For teenagers everything is a milestone and the future seems very far away.

Our pre-teen and teenage years are filled with rites of passage. There are first dates and first kisses, first jobs, big ballgames, band concerts and competitions, proms and, of course, graduation days.

As I sit writing this column my favorite little saxophone player is practicing down the hall in the living room. It’s his first year in the junior high band and while there are a few squawks and squeaks to send the cat running for cover, he continues to improve every day. The highlight of his year has been the fall concert and he and his fellow musicians have been working hard toward their moment to shine at the annual spring concert closing out the year. It’s an event he’s been looking forward to for months and one it now appears may never happen. While he’s trying hard to keep a brave face, there’s no doubt the idea of missing it has him feeling a bit down and upset.

The concert is just one of many big events we may not get to witness this school year due to the virus that has threatened our community and forced us all to keep our distance. Our local school districts are keeping all options on the table as we hurtle toward the end of another semester in unprecdented times and while no decisions have yet been made officially, some things are already being missed with the shutdown of athletics and other competitions.

I can look back with the perspective of my 41 years on the planet and see that while big and exciting, those big teenage moments were just that – moments. Though I have some fond memories of those younger days, I know they weren’t truly the best days of my life and bigger and better things were waiting down the road.

It’s a perspective none of us have when we’re growing up. Every day is a new adventure when you haven’t yet been there and done that. The things we view as minor through the lens of adulthood are enormous when you’re staring at them from the other side.

Our young people have a right to struggle with this. We don’t need to be too quick in telling them it’s really no big deal. It is for them and they’ve earned their frustration and disappointment.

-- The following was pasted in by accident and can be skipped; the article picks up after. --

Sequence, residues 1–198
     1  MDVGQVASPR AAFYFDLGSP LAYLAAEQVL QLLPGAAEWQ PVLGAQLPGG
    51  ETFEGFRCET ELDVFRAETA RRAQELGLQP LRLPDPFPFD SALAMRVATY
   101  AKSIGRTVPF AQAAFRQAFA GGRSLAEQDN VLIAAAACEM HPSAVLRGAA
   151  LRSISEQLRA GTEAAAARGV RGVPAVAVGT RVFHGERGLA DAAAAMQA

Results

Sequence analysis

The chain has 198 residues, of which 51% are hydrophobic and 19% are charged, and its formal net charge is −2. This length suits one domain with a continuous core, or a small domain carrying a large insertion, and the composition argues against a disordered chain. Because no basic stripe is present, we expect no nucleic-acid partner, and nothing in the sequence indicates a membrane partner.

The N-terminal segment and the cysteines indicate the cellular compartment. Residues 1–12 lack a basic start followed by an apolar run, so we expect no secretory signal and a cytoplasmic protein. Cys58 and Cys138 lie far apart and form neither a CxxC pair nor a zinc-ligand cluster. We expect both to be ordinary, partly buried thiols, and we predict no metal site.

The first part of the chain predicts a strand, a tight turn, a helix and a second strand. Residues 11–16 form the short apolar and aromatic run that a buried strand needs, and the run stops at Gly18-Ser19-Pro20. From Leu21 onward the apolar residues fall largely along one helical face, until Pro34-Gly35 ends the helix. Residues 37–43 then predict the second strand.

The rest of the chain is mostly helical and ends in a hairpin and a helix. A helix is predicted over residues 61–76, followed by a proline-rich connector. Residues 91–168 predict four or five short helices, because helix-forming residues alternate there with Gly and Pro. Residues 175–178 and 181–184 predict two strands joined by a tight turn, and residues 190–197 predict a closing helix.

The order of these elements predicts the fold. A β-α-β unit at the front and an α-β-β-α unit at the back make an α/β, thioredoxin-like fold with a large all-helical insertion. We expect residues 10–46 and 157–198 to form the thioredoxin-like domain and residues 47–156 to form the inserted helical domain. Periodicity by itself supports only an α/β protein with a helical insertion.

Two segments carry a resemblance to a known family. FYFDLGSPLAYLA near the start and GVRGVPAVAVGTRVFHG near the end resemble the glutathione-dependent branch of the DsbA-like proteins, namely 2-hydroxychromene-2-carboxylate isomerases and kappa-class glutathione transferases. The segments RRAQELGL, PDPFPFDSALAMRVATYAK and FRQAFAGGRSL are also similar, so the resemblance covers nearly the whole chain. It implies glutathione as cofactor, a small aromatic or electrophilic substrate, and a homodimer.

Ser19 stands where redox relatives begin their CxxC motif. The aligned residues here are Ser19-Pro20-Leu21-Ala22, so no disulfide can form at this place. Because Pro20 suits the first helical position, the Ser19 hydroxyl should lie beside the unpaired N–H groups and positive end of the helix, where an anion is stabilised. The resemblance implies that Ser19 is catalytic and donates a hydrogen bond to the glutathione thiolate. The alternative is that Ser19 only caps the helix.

We’re living in days none of us could have possibly imagined and facing a situation daily that would have sounded like insane ravings just a few months back. We need to remember to be there for the young people in our lives and do everything we can to encourage them and help them have as normal an experience as possible. In the years to come they may not remember the facts and figures about this strange period in our nation’s history, but they’ll surely remember how they felt and those who loved them and encouraged them through it all.

Brant Sappington is managing editor of the Daily Corinthian’s sister newspaper, the Banner-Independent in Booneville, and a longtime member of the Daily Corinthian news team where he currently serves as assistant editor.

Banner Independent Editor

Managing editor of the Daily Corinthian’s sister newspaper, Booneville’s Banner-Independent, Brant Sappington has been a member of the Daily Corinthian family since 2001.

(0) comments

Welcome to the discussion.

Keep it Clean. Please avoid obscene, vulgar, lewd, racist or sexually-oriented language.
PLEASE TURN OFF YOUR CAPS LOCK.
Don't Threaten. Threats of harming another person will not be tolerated.
Be Truthful. Don't knowingly lie about anyone or anything.
Be Nice. No racism, sexism or any sort of -ism that is degrading to another person.
Be Proactive. Use the 'Report' link on each comment to let us know of abusive posts.
Share with Us. We'd love to hear eyewitness accounts, the history behind an article.